Really though, I think the main thing I'd like to change about the film is: to a first approxmation, nobody gets hurt. People fight, and everyone who isn't a named character dies, and the named characters don't have a scratch on them despite getting repeatedly punched in the face. I know some people enjoy watching this, but I find it kind of boring, and I think that if we saw the hero sustain a split lip and a bloody nose, I might find it a lot more engaging because suddenly it might feel like he's actually in danger. (I can forgive that people don't get cut when they crash through glass windows. If they did, they would be a lot less willing to keep doing it.)

Of course, this film is only a 12A. If you show people getting hurt in fights, kids might not be allowed to watch it any more.

I did like how there was no romantic subplot.

Also, faceblind world problems: a minor character suddenly unleashes some ass kicking. Everyone looks at her like wtf. She presses a button, her face shimmers as a hologram disappears, and suddenly she looks exactly the same. (She then proceeds to remove her wig, so it's not too confusing.)


Everybody in this film fails ethics and/or metaethics forever.

Spoilers ahead, even if you've read the Bible. I can't be bothered to mark them all.

Noah thinks the world would be better off if all the people were dead, including himself and his family. He thinks his task is to save the animals and then to die.

I can accept the hypothesis that the rest of the world is evil. It's a stretch, but I think we don't see anyone outside Noah's family do anything good, so let's roll with it, and say that sure, they deserve to die.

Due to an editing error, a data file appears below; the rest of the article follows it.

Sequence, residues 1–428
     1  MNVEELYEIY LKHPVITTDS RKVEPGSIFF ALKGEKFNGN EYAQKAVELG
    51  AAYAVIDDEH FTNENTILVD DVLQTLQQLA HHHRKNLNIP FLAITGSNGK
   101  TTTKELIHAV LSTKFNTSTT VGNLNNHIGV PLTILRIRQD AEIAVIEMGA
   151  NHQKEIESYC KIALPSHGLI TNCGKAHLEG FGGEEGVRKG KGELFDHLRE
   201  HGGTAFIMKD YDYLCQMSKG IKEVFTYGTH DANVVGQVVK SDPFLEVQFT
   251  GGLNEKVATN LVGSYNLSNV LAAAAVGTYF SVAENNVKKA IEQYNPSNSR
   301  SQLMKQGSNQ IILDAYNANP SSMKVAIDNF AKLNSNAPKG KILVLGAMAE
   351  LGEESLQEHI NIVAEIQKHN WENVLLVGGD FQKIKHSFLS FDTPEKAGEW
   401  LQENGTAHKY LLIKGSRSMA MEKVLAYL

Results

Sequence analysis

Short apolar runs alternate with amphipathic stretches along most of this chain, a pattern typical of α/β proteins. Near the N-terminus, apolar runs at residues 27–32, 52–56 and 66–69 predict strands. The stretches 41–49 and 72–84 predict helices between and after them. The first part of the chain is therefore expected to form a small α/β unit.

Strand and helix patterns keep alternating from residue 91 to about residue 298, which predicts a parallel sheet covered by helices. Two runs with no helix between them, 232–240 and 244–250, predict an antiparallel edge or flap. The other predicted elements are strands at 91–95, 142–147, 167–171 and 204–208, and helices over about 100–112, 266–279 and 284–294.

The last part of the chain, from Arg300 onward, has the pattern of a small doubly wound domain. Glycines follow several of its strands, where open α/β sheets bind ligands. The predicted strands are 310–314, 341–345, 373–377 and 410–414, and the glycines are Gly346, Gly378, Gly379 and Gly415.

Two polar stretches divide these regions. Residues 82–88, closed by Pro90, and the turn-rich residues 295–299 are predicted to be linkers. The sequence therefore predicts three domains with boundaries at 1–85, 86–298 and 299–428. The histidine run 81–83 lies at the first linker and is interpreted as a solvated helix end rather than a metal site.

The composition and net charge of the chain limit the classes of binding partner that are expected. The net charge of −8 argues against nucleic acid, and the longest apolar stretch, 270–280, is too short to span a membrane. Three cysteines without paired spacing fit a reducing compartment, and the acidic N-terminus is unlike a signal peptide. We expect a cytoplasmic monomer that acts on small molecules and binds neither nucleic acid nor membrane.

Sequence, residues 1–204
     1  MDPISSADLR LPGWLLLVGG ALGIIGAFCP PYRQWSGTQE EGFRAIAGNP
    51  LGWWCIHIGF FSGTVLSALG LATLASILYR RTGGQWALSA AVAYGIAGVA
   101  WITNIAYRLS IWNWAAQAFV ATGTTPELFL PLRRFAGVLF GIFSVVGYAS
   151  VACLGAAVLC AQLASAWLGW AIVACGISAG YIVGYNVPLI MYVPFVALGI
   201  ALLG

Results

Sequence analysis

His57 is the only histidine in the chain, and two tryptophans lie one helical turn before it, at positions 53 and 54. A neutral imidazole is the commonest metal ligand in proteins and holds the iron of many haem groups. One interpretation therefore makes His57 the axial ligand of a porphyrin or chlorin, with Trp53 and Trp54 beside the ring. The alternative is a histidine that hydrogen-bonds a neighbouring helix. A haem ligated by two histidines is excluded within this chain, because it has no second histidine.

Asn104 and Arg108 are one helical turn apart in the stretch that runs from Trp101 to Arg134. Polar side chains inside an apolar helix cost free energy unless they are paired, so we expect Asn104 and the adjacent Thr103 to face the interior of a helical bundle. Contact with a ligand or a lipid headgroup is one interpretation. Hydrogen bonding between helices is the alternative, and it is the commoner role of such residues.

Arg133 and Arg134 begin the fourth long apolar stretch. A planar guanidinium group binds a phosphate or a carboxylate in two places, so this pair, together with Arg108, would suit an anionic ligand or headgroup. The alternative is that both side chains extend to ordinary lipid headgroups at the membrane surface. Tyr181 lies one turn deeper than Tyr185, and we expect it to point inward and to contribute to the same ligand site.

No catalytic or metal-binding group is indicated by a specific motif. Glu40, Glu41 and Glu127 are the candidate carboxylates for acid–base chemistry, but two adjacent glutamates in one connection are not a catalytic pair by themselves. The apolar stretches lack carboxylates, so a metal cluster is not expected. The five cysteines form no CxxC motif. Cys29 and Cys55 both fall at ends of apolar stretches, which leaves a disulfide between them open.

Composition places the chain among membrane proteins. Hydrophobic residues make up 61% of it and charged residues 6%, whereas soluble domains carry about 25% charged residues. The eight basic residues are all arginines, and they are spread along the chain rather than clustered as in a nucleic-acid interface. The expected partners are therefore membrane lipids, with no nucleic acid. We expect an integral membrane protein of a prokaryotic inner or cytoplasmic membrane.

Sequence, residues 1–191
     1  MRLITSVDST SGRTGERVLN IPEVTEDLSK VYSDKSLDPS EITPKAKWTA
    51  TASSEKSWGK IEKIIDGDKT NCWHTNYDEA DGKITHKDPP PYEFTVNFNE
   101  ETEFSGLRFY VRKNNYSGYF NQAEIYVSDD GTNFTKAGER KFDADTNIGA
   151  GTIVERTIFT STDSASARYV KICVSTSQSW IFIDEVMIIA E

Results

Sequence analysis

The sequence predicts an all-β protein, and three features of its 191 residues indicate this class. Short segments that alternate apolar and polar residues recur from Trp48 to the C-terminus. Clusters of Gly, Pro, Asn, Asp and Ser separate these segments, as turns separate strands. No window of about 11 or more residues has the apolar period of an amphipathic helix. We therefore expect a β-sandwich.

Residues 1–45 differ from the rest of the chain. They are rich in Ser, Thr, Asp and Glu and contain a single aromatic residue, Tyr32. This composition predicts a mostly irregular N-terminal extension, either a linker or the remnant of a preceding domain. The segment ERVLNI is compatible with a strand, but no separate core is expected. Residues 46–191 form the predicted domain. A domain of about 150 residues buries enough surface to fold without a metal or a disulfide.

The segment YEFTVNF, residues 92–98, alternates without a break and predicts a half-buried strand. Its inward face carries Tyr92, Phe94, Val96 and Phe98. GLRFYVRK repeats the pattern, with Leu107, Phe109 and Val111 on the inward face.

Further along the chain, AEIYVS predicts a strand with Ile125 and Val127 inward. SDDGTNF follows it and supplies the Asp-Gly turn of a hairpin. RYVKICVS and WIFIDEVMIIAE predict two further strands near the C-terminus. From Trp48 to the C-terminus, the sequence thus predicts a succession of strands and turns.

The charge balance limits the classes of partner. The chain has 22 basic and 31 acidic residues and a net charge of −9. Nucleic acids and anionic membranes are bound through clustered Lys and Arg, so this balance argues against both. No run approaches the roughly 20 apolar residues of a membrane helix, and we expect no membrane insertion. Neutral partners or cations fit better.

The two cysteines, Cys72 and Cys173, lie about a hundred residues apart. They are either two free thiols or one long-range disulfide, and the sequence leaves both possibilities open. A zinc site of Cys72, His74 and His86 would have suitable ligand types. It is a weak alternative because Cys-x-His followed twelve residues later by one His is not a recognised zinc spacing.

What about Noah and his family? He explains this to his wife, Naameh, pointing out their flaws to her. Their youngest son, Japheth, seeks only to please. Or something like that. I agree that that's a character flaw, but if it's the worst you can say about someone, they're a pretty good person. I don't remember what he said about Shem and Ham - I think maybe Shem's flaw was being sexually attracted to his girlfriend Ila (in Shem's defence, Emma Watson), and Ham wanted a girlfriend too much - but it definitely wasn't "deserves to die" grade stuff. And Noah and Naameh would both kill to protect the children, which apparently makes them just like everybody else.

I'm not being entirely fair. The world is beautiful, humans ruined it once, and however good Japheth may be, we can't trust that his kids will be as good as him, and their kids will be as good as them, and so on. We can turn this into a parable about AI safety and the Löbian monster, but I don't think that was the intent.

Okay, fine. Humans need to die off. That's not Noah's problem. Noah's problem isn't even necessarily that he thinks God is talking to him, because that does happen. I'm not sure I can pinpoint exactly what Noah's problem is. Maybe it's that he seems to think that he and he alone is vital to God's plans.

When Ham tells Noah that he wants a wife, Noah tells Ham that God will provide everything they need. Later Noah goes to look for a wife for Ham. When he fails, he decides that God doesn't want Ham to have a wife, and that's when he works out that his family isn't meant to repopulate the Earth. When Ham finds a wife for himself (well, a scared lonely little girl, but in those days, what was the difference?), Noah abandons her to die.

Noah's thought process seems to be: if God wants something to happen, He will do it himself or He will work through Noah. So when Methuselah blesses Ila, and Ila subsequently becomes pregnant, the idea that this might have been God's will doesn't cross Noah's mind, and he proclaims that if the child is a girl (capable of repopulating the Earth), he will kill her.

(Incidentally, Methuselah blesses Ila when Ila is looking for Ham, who needs to be found fairly urgently. Their conversation wastes minutes, and after he blesses her, she goes and finds Shem - also looking for Ham - for making out, leading to an implied offscreen shag. Ham is forgotten.)

This brings us to the problem that most of the other characters share: they are far too passive. No one apart from Noah is cool with the human race dying off, but when Noah announces his plans, they don't do very much about it. Naameh tells him that if he kills the child, she will hate him. Japheth sends out one bird at a time to try to find land before Ila gives birth, maybe so that they can run away from Noah? Shem and Ila build a small raft, with food for a month, and plan to desert the Ark. But they neglect to make any secret of this, and when Noah burns it, they're surprised.